Wintering Waterfowl Habitat concerns loom large
By Paul Buttner
I’ve been fielding many calls lately from reporters who are learning that the normal role that rice fields play at providing quality habitat is looking a little dicey this year. Indeed, we are looking down the barrel of a straw decomposition season where we may only get 50,000 acres flooded while we normally flood 250-300,000 acres. This will certainly be something to watch as the fall/winter season arrives.
Rice fields normally play a major role, largely because of the several hundred pounds of waste rice grain that remains in the fields after harvest, which is just underway. Ducks and geese flock to these flooded fields to feed on the very good source of energy they need to make it through the winter. In fact, rice fields normally feed about 2.4 million ducks, which is about half the wintering population here in the Central Valley. However, if our winter water is significantly curtailed this fall, rice fields will only feed a small fraction of these birds.
To make matters worse, the 75,000 acres of wetlands in the Sacramento Valley are also feeling the water supply pinch. Therefore, the birds that normally spread out on all the rice will be looking even more so to the area’s wetlands and they will find fewer of them as well.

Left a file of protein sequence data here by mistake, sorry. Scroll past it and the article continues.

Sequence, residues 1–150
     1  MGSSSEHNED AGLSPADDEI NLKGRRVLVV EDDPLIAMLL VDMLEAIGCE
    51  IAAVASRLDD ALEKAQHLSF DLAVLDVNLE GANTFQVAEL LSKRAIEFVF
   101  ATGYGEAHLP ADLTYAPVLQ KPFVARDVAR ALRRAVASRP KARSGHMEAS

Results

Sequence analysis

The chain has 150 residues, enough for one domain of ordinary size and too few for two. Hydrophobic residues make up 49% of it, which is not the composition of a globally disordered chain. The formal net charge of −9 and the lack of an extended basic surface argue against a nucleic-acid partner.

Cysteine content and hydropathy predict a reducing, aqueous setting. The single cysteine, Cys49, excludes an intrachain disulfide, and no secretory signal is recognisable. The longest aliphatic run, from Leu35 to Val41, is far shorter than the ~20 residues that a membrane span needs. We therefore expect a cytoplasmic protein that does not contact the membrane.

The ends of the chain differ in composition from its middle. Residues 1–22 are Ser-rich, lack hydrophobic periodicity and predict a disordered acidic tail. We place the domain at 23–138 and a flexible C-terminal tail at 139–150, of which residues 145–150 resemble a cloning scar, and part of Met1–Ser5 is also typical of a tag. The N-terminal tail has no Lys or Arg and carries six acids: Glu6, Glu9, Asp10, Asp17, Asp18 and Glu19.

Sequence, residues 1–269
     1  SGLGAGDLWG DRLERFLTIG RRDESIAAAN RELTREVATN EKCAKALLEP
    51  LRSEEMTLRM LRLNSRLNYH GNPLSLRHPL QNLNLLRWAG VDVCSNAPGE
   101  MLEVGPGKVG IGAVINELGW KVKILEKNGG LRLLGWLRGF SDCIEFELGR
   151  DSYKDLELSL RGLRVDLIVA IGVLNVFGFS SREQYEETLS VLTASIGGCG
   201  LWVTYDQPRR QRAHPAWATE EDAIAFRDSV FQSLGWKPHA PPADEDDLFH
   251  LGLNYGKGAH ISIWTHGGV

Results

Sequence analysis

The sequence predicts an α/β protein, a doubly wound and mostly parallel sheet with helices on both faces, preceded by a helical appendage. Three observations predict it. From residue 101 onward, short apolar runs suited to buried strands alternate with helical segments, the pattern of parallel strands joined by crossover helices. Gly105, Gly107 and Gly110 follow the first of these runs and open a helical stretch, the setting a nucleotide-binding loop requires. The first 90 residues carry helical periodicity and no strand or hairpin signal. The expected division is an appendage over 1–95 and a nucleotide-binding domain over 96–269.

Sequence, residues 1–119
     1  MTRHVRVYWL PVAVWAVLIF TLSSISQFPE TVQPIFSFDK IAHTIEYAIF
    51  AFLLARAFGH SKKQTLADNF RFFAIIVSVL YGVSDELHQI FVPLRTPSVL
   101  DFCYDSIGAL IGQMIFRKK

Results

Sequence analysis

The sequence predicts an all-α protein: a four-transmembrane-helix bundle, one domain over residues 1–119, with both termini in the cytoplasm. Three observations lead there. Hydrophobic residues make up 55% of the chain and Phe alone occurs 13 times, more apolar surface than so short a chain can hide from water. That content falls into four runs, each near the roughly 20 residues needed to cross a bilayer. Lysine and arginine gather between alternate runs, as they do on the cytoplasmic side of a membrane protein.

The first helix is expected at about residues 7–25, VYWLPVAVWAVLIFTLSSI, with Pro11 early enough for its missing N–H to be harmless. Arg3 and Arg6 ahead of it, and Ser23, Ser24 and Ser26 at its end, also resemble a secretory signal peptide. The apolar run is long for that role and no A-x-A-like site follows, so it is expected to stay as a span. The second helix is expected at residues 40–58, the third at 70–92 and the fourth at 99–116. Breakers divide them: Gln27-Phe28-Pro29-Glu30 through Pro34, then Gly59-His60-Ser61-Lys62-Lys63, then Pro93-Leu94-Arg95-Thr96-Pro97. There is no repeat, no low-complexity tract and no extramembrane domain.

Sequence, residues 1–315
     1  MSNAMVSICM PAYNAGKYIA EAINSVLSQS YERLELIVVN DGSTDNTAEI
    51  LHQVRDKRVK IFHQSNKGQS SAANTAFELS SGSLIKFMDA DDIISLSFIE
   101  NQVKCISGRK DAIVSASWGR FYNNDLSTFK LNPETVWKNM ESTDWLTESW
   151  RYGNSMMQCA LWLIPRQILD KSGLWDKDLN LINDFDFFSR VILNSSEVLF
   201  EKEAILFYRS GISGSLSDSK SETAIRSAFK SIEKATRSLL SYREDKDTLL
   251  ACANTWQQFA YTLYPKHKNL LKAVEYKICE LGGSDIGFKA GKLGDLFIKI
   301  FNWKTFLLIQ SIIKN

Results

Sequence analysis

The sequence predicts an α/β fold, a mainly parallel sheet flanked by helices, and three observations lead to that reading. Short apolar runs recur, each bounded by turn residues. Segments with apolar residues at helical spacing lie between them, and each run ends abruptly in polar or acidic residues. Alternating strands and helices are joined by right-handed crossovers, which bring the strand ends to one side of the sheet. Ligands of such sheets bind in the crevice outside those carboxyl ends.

Just like the wetland biologists working in the region, I too am very concerned about what may become a “perfect storm” for waterfowl habitat this winter. We are all expecting a large population of birds to come down here and they’ll likely find slim pickings for their essential habitat type–winter flooded rice and wetlands. Birds will likely be crowded on what little habitat there is and be very susceptible to diseases like botulism. We’ll all have to work together to deal with this situation as best we can.
Mark Biddlecomb is Director of Operations for the Western Regional Office of Ducks Unlimited. Ducks Unlimited is a national non-profitorganization dedicated to the conservation of wetlands and waterfowl.